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    Hi Suze, I had not realized any cases had been tied to rituximab either. I was going to ask my Neuro about me taking it next week.

    Thanks for article. Nice to see you.
    Virginia

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    Distinguished Community Member agate's Avatar
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    I don't think that there have been any PML cases resulting from using rituximab in MS patients but there were some cases in patients with RA on rituximab.

    The 4 PML cases in MS patients on Ocrevus probably occurred because there hadn't been a long enough washout period after stopping Tysabri for those patients--?
    MS diagnosed 1980. Avonex 2002-2005. Copaxone 6/07 - 5/10.
    Member of this MS board since 2001.

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    Distinguished Community Member SuzE-Q's Avatar
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    Agate, yes, they all had earlier, recent Tysabri exposure, so that might have been the cause of it for Ocrevus patients. Yes, I'd forgotten the RA patients, will ask my doctor their info regarding dosage, etc.

    Hi Virginia, I'm talking to my doctor about it end of month too. Let me know what you learn, and what your doctor thinks, ok? I think I might ask for a JC titer to see what I'm starting out with. That might help me to decide, even though I've not yet been on any PML-causing meds.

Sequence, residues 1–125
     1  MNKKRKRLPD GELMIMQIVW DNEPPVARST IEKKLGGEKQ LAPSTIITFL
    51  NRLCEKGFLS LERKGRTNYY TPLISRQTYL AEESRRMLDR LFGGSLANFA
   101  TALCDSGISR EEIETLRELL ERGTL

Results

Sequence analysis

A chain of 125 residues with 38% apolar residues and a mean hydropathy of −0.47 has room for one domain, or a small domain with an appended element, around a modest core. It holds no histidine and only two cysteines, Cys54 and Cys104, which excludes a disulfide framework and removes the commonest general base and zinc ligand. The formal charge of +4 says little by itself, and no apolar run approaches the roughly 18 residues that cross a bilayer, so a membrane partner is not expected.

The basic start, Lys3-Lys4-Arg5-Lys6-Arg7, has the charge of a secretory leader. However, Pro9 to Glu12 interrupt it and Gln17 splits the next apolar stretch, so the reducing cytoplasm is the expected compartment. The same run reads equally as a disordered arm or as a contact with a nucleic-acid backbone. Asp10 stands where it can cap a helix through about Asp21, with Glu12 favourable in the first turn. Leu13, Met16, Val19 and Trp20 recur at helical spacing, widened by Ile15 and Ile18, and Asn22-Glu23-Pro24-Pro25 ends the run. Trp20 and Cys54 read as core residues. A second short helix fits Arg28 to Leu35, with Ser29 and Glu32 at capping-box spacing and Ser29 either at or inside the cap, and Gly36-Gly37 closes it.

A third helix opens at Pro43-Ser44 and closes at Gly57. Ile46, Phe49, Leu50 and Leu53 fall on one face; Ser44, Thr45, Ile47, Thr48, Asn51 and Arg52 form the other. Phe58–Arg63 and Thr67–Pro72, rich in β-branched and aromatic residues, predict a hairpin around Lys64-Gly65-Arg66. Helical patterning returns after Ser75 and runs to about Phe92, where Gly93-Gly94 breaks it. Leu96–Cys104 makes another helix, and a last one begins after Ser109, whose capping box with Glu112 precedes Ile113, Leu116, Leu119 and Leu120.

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    Susie, I am sure they would do a JC titer on me. I have been on an interferon for nearly 20 years. Even though no PML is associated with the interferons, I am sure they have an effect of the immune system.

    I am only doing this because I can no longer get the interferon at an affordable price. I was being helped though Patient Assistance Network. However, that stopped the first of July for me. I am going to take the money out of savings and pay for it the rest of the year, but there is no way I can do it next year also. Unless my Neuro has some input and something he can do I have no alternatives left for me. My income is too much for all other people who help with drugs, but not enough to pay for the one I am getting. I am falling through the cracks.

    I will let you know what my Neuro has to say re Rituxan, and you do the same. I see mine the end of next week.
    Last edited by Virginia; 07-10-2018 at 08:48 AM.
    Virginia

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    Distinguished Community Member Lazarus's Avatar
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    Quote Originally Posted by SuzE-Q View Post
    This quote is hidden because you are ignoring this member. Show Quote
    I hadn't realized ANY cases of PML had been associated with rituximab?

    Is its safety profile better than Ocrevus, I wonder?

    https://www.ncbi.nlm.nih.gov/pubmed/29985084


    Mult Scler. 2018 Jul 1:1352458518786075. doi: 10.1177/1352458518786075. [Epub ahead of print]

    Drug-associated progressive multifocal leukoencephalopathy in multiple sclerosis patients.

    Oshima Y1, Tanimoto T2, Yuji K1, Tojo A1.

    Rituximab is about the safest med we can take. And there are no side effects. And it is useful with progressive forms of ms.
    I take it even though I am jcv positive.
    Linda~~~~

    Be the kind of woman that when your feet hit the floor each morning the devil says:"Oh Crap, She's up!"

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    There have been no cases of PML in MS patients on Rituxan.

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  19. #10
    Distinguished Community Member SuzE-Q's Avatar
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    Cherie, do you know how many MS patients have been on rituximab?

    Virginia, I'm sorry it's a financial and not medical decision that is prompting the potential change in meds. Thanks for any added info you are able to share from your doc!

    Lazarus, thanks, as always for your personal insight!